Dear Black Swan,

I am, even so soon after meeting you for the first time, completely and utterly confident in the fact that we will spend our lives together. At the very least you will be forever in my heart and mind, replaying over and over, twisting and turning. Visions of you will visit me now and then, unsolicited and unheralded. I will judge whole genres based on you, and I am certain most will be found wanting.

You are a layered, gorgeous, frightening and utterly compelling, and I cannot imagine a world in which we are not joined in the future.

You see, Black Swan, from the moment that I first saw the trailer for you, I was hooked. Your director, Darren Aronofsky, has been a favorite of mine since I first became enamored with the art of film. Natalie Portman, who plays your main character, Nina, has shown so much promise in the past that I constantly look forward to seeing if she will deliver on her own promise.

Of course you did not disappoint.

You begin in a dream of darkness with a shaft of blinding light, a dancer being stalked by the form of a monster. From there the movie progresses to the real world, where the Nina is being stalked by a number of her own monsters. Fear of failure, self-doubt, the darkness of her mother’s shadow. The camera hovers so tightly behind Nina’s head throughout most of the movie that we feel as though we as the audience are these doubts, constantly peering over her shoulder. And perhaps we, as one more member of her beloved and feared audience, actually are.

This lends the film a claustrophobia which is only heightened by the operatic score, the set design, and the muted dark and light colors. Even a few moments into my time with you I was already feeling as tightly wound as the ribbons on the point shoes on Nina’s feet.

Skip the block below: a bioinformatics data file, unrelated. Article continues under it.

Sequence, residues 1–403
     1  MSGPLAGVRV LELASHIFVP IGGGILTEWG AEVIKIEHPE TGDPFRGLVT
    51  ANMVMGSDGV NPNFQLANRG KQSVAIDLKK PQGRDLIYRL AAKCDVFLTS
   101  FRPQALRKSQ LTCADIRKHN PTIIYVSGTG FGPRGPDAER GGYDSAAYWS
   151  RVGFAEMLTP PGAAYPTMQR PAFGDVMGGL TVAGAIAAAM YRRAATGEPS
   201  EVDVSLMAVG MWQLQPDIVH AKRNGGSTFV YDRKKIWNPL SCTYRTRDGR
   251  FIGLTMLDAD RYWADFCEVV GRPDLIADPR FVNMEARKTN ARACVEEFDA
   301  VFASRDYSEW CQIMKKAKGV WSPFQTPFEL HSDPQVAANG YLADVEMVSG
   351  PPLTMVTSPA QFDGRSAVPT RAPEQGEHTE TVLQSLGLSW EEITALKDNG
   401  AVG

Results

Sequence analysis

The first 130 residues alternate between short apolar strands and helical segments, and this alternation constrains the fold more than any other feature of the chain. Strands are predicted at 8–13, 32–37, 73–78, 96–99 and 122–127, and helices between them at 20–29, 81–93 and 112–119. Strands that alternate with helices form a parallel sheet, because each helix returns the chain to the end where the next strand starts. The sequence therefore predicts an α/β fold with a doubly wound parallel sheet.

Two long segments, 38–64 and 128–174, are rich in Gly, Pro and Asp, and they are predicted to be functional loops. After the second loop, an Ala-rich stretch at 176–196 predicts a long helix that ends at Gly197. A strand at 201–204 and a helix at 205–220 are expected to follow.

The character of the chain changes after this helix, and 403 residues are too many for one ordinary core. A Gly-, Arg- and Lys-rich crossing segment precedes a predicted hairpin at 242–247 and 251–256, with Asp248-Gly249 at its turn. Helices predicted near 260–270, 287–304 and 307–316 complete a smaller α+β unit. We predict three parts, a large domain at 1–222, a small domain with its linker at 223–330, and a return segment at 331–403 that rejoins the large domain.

Added to your aesthetic, story, and technical aspects is the power of your performers. Barbara Hershey as Nina’s overbearing and controlling mother is perfect in the way she embodies barely-concealed eagerness to live vicariously through her daughter. Vincent Cassel is entrancing as a ballet director who may be a lech, or simply adept at using his position of power and his sensuality to drive his performers to their full potential. Mila Kunis also displays a force and ability that I would not have guessed her capable of based on her previous roles in TV and film.

Your real selling point, though, the true source of your influence over me, is Nina herself, Natalie Portman. Her portrayal of a woman struggling with every aspect of her nature in the pursuit of perfection in her art is flawless. She, as an actress, understands and controls the very thing that Nina, as a dancer, struggles with – the necessity of emotion and passion in art. From the first moment I saw her my heart went out to her. The look on her face, the pained, frightened expression that never waned or broke, was a heartbreaking reminder of the lifetime’s worth of torment that this young woman carried with her. The fact that she was able to so effortlessly communicate her character’s pain and desire through just her face made it that much easier to find the place in which empathy was possible.

This is to say nothing of your intense psychological and supernatural elements, all of which are well-executed, and well-earned. Nothing about you rings false, and your sincerity and commitment to your own ideas makes following Nina’s journey through your story all the more easy.
I could, in truth, continue to talk about you for quite some time, Black Swan. Every aspect of you is, in my eyes, worthy of close scrutiny and endless discussion. But I will bid you farewell for now, and allow your mysteries to wash over me.

Until we meet again, Black Swan, I hold you close to me. May our time apart be brief.

Love,

Brian

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